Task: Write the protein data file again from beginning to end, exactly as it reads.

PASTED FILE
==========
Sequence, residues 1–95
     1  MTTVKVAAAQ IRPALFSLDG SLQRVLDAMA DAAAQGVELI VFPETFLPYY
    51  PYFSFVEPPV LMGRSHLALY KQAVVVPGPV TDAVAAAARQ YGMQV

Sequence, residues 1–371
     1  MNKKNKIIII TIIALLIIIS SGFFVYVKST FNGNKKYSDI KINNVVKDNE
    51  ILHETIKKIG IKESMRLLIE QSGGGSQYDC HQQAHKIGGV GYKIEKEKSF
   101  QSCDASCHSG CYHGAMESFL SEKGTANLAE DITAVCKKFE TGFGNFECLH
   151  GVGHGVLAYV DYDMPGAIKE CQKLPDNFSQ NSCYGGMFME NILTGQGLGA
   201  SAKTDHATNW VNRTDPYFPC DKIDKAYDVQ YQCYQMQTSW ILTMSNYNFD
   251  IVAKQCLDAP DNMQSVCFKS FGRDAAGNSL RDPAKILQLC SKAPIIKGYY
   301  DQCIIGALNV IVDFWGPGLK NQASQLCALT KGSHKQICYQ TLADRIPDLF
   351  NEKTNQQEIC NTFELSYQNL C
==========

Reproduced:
Sequence, residues 1–95
     1  MTTVKVAAAQ IRPALFSLDG SLQRVLDAMA DAAAQGVELI VFPETFLPYY
    51  PYFSFVEPPV LMGRSHLALY KQAVVVPGPV TDAVAAAARQ YGMQV

Sequence, residues 1–371
     1  MNKKNKIIII TIIALLIIIS SGFFVYVKST FNGNKKYSDI KINNVVKDNE
    51  ILHETIKKIG IKESMRLLIE QSGGGSQYDC HQQAHKIGGV GYKIEKEKSF
   101  QSCDASCHSG CYHGAMESFL SEKGTANLAE DITAVCKKFE TGFGNFECLH
   151  GVGHGVLAYV DYDMPGAIKE CQKLPDNFSQ NSCYGGMFME NILTGQGLGA
   201  SAKTDHATNW VNRTDPYFPC DKIDKAYDVQ YQCYQMQTSW ILTMSNYNFD
   251  IVAKQCLDAP DNMQSVCFKS FGRDAAGNSL RDPAKILQLC SKAPIIKGYY
   301  DQCIIGALNV IVDFWGPGLK NQASQLCALT KGSHKQICYQ TLADRIPDLF
   351  NEKTNQQEIC NTFELSYQNL C